I have a weakness for the time-travel movie genre. So for my birthday recently, we went to see About Time, the movie about a young man who uses his ability to travel in time to fix past mistakes. However, fan though I may be of the fantasy, I’m truly grateful I don’t have the ability to travel back in time. I’m thankful that my life has not turned out as I would have planned. I’ve made a lot of optimistic lists in my life. Yet some of my most precious memories include sorrow and even regret. I wonder, if given the opportunity to fix my mistakes and “perfect” my past, what joys would I have missed?
I’m thankful for the unplanned, the unexpected, the discoveries and the revelations that make up an authentic life, as the road taken reveals rich satisfactions that are unknowable in our youth. I’m thankful for failures that teach us to forgive and to accept forgiveness, ultimately leading us to seek and find redemption.
My life is imperfect, full of chaos and the unexpected. A chance encounter with an old friend on the street led to a job I love. I cried from loneliness on the way home from the event where, unknowingly, I met my husband. Even in that brief moment of despair, my future was unfolding in front of me. Life is like that.
So many plot twists. I could not even have envisioned the adventure of parenting five endlessly fascinating, and frustrating, children. They are, of course, perfect, albeit messy – that I will concede. Five new narratives, each one a page-turning cliffhanger I would give a whole life to read.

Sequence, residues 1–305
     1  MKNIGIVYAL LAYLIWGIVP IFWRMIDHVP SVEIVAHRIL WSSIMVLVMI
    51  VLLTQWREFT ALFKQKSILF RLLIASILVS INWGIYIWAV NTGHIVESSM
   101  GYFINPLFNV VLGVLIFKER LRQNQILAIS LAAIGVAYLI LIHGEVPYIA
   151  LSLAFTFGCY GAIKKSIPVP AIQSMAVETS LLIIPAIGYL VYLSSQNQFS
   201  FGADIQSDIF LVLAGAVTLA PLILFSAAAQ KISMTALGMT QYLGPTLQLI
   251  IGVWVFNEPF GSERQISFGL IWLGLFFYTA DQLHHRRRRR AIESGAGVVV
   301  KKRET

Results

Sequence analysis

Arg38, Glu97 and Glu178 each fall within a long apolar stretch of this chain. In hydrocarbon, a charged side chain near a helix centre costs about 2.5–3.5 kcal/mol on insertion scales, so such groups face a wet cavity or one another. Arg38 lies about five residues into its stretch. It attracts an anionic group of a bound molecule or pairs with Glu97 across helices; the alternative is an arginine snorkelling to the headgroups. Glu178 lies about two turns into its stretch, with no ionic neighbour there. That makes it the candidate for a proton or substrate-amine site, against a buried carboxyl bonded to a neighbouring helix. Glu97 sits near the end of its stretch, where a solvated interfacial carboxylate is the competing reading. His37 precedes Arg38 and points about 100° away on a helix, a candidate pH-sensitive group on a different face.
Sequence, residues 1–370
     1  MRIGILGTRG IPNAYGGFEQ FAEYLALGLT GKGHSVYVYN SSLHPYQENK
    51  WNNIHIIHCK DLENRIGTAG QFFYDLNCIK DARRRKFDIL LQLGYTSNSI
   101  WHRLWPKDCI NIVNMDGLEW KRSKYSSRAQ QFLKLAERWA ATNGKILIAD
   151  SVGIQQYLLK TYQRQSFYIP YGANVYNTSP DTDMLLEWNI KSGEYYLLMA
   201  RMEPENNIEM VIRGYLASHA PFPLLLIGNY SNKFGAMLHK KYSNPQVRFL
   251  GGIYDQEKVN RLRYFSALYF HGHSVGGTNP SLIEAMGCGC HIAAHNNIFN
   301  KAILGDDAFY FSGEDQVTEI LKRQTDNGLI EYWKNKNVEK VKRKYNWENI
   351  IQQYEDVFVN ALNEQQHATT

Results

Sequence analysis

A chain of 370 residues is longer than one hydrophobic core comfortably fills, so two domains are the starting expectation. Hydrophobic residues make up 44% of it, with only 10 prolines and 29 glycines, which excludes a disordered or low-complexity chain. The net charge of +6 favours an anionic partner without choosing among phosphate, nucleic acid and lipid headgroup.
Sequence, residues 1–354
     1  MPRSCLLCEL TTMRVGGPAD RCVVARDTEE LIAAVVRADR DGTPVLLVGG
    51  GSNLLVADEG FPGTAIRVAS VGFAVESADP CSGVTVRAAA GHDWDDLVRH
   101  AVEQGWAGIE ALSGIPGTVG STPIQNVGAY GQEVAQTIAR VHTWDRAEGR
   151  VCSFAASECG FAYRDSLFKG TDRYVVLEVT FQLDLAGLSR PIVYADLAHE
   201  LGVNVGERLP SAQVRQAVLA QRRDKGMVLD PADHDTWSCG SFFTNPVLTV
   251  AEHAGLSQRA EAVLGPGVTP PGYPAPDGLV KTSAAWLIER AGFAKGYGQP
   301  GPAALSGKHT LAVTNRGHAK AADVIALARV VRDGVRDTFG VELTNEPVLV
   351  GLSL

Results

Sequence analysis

I surely wouldn’t have chosen cancer for me, or my husband. But through sickness and sorrow, I found healing, unknown friendships and depths of love.
We cannot plan our future completely because, given the choice, we would take the too easy path. The light needs the dark, as do we. Our desire for perfection is a deep yearning, and I’m thankful it draws us to persist, to push onward and upward.
I do not have a map of where that journey may take me. What I do have is a center that holds, anchored in a keen and often raw reality. That’s the place where we learn truth and grow to see beauty. I’ve learned that I need not fear “the unknown morrow.” Life is not perfect. But it is lovely. I do not have what I planned. But I have immeasurably more than I could have asked for or imagined. For that, I’m thankful.
Dr. Charmaine Yoest is president and CEO of Americans United for Life, and co-author of Mother in the Middle, an examination of childcare policy, published by HarperCollins. Follow her @CharmaineYoest.
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